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Prospective Students

Здравей! Hello! Shé:kon! Bonjour! こんにちは  Hallo!
The Language and Cognition Lab welcomes undergraduate and graduate students with interests in psycholinguistics (e.g., language and communicative development, bilingualism, and the relation between language and thought), theory of mind and social cognition (e.g., social learning, information gathering, social networks), and memory development. We aim to incorporate diversity into our research and welcome students of all backgrounds, academic programs, and skillsets. Read our Team page to see the type of work our current students are doing!

Graduate Students

Graduate students are generally accepted either through the Cognitive Neuroscience Program or the Developmental Program. Clinical applicants with research experience relevant to our work are also welcome to apply.  All potential graduate students are encouraged to contact Dr. Fitneva in advance to discuss their research interests and learn about the current directions of the work in the lab. Applicants are encouraged to apply for external funding (e.g., OGS, CGS). If you are an international student, please note that prior research experience is a must for joining our program. For the degree requirements of each program and financial support, please check the main Graduate Studies webpage.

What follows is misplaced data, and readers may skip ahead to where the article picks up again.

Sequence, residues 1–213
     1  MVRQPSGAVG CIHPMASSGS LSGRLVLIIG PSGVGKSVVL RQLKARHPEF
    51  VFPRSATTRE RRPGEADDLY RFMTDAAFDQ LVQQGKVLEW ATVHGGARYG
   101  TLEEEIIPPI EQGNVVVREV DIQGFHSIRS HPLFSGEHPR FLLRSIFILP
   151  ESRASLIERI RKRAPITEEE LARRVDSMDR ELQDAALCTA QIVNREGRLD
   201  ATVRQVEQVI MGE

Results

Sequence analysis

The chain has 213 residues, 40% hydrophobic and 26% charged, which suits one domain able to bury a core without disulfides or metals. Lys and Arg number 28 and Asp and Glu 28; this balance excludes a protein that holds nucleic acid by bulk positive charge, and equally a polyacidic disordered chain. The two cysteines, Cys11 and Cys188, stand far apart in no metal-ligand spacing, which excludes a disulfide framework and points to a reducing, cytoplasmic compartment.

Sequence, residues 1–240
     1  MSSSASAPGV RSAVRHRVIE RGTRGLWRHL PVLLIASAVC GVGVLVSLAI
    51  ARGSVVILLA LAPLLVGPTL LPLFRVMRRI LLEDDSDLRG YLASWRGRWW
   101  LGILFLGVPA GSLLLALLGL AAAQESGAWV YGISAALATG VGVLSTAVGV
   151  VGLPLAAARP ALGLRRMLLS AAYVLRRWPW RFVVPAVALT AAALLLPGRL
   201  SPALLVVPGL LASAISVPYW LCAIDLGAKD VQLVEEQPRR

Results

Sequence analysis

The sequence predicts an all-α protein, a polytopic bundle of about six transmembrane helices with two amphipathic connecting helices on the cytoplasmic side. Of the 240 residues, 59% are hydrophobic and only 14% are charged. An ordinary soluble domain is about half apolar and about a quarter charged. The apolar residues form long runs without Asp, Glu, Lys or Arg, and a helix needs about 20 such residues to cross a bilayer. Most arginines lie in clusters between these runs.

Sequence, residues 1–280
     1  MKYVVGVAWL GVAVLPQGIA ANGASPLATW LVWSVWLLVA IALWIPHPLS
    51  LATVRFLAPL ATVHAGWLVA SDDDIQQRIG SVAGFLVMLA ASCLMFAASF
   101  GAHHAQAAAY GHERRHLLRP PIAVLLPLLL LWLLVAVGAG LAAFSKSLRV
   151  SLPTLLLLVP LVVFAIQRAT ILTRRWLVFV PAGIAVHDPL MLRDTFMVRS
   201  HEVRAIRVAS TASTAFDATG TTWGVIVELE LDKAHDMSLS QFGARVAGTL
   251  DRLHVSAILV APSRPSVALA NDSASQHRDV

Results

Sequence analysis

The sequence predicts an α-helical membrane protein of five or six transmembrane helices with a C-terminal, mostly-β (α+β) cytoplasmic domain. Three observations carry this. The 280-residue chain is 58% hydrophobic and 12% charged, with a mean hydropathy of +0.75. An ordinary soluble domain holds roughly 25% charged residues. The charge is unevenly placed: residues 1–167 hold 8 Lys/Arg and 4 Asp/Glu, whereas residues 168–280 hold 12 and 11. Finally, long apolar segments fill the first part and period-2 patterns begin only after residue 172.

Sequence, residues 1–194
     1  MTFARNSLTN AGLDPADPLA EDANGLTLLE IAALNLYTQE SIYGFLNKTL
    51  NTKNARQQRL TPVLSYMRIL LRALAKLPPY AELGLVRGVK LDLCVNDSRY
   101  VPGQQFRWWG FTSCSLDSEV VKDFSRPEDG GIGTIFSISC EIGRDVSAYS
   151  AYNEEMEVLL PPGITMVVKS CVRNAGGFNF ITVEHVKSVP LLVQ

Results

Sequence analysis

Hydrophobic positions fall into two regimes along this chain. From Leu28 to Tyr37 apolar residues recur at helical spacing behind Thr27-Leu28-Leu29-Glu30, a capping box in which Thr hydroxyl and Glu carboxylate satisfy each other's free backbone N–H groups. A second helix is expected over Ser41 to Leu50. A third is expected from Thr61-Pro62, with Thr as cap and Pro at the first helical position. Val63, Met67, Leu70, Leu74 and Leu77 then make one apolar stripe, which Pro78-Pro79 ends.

If you have questions about being a graduate student in our lab, contact Kat, our current graduate student!

Undergraduate Students

We are always looking for highly motivated undergraduate students to volunteer in our lab both during the school year and the summer. Volunteers are involved in all aspects of the research process - designing the experiments, creating the stimuli, running the participants, and compiling the data. A minimal commitment of 8 hours per week is expected for a minimum of one school year. To apply, please complete this Application Form. Summer funding may be available through the SWEPUSSRF, and ASURF programs for Queen's students.

Undergraduate students can also do a honours thesis (PSYC 501), or a special directed lab course (PSYC 299/570/575) in the lab. Typically, one or two students complete a thesis in the lab each year.

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